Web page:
'•'•How am I to cross that mountain?" says an anxious soul, pointing to the doctrine of electing love. "How am I to find myself among the number of the elect?" "And," says another, "if you cannot assure me that the blood of Christ was intended as much for me as for Peter or Paul, Mary Magdalene, or Mary of Bethany, how can I rest on if?" Another, yet more bold, comes forward and declares, that "if Christ did not die alike for all men, and bear all sinners alike on his heart when he died, then there is no truth for a sinner seeking salvation to rest upon.''
Now to all those travellers who would willingly (if they could) find out that there is no such mountain as electing love, because they fancy it is an insuperable one, we say at once, the Person of the Lord Jesus stands in front of that glorious mountain whose top touches heaven; and you have to do with his Person, ere you set a foot on that mountain.
Our warrant for believing in Christ is simply this, that he cries to the the children of men "To you, 0 men, I call." And ho bids them All come in the first place to Himself. Come and see this Person. (Prov. viii. 2.) "If any man thirst, let him come to me and drink." (John vii. 37.) "Come unto me, all ye that labour and are heavy laden." Matt. xi. 28,) ye that are toiling up that mountain, with a load on your souls that almost crushes you at every step.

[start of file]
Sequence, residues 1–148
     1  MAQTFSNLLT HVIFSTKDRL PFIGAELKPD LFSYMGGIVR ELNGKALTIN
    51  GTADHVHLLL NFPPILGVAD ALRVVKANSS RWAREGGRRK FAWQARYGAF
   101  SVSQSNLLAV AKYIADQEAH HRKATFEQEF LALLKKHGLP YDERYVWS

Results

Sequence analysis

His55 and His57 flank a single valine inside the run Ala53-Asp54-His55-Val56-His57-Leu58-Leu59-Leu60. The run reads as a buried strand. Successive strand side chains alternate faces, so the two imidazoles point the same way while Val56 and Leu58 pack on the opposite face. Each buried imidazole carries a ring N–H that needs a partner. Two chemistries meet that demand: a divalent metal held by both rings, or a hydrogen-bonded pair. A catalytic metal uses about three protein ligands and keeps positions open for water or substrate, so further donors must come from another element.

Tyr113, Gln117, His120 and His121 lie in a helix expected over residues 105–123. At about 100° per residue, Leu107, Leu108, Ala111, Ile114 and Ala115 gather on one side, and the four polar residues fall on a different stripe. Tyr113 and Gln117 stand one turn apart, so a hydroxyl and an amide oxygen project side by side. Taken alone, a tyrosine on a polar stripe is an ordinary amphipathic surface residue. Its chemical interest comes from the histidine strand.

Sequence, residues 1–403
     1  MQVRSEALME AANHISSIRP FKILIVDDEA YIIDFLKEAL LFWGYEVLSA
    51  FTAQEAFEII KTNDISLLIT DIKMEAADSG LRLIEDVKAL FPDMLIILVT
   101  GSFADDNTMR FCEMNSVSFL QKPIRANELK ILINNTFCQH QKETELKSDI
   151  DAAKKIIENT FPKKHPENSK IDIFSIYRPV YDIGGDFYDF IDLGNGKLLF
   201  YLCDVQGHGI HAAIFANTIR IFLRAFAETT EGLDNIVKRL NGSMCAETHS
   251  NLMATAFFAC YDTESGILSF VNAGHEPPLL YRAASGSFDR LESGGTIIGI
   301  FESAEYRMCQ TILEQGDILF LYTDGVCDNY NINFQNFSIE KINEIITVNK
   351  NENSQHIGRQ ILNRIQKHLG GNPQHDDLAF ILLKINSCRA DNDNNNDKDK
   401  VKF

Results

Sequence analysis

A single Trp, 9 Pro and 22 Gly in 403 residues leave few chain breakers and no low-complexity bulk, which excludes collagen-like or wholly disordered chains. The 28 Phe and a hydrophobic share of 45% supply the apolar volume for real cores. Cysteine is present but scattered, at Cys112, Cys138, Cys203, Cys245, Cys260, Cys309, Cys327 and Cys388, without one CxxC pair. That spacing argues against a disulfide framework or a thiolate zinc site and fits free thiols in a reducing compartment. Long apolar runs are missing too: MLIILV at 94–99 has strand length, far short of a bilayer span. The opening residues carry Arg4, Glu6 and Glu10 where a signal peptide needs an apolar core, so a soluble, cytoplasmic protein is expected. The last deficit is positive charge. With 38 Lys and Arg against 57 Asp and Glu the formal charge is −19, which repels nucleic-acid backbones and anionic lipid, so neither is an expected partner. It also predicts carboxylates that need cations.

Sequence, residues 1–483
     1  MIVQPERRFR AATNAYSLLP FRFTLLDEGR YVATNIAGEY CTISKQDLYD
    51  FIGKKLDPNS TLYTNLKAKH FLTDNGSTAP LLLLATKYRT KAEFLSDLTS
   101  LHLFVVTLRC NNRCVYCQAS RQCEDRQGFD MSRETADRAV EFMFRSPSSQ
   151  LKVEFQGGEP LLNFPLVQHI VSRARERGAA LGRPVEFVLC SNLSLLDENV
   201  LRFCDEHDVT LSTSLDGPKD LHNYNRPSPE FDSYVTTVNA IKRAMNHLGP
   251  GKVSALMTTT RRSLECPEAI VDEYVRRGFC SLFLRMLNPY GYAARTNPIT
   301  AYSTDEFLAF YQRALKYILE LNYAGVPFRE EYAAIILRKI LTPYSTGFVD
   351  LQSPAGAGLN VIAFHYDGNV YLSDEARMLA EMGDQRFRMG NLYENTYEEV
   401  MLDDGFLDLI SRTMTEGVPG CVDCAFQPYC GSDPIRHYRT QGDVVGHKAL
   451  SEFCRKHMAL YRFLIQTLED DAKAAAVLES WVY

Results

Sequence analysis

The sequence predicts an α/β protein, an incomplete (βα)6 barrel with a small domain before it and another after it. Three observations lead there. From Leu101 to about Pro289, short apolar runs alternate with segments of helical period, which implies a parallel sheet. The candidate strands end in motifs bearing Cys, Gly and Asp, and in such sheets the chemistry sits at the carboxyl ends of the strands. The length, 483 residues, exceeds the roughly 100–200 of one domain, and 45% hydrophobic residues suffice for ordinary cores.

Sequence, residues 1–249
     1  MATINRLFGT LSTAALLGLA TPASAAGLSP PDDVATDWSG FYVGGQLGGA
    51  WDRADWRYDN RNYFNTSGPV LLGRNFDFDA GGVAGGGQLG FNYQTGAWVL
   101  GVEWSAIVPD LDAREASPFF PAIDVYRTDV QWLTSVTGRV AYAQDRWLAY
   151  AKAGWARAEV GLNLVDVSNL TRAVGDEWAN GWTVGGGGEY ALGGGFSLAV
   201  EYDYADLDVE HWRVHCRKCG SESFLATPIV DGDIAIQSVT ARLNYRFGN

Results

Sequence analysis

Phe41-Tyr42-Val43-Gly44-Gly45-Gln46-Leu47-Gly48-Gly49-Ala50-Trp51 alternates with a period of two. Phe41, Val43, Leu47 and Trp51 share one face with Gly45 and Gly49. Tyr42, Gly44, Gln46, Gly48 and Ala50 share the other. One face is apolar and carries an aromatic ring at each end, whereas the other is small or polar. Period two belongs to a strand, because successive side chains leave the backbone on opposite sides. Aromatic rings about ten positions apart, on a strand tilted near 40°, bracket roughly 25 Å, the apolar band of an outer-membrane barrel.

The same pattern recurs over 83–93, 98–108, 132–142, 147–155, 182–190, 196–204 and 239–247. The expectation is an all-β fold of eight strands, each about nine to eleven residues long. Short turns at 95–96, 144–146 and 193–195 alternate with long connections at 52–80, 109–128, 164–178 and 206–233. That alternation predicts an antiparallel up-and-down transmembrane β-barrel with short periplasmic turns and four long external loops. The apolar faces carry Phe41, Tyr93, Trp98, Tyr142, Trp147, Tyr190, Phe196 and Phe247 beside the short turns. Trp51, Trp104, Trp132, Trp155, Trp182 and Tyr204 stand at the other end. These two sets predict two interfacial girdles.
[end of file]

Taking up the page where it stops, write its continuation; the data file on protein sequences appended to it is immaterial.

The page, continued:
All your difficulties about election are thus set aside for the time,—set aside until you have found Christ himself, "who will show you plainly of the Father" in due time. All your difficulties about election are in this manner transferred to Christ himself, who it is (and not we) that must reconcile the . uersal call with his special love to his elect. Well, be content to leave the difficulty with Jesus; and meanwhile, deal with a personal Saviour, not with words, and doctrines, and propositions. Say, if you will, "Perhaps I am not elected, and if so it will be in vain for me to expect a place among his redeemed,"—say this, if you will, but only go and see. Go to the Person of of Christ, and throw thyself at his feet.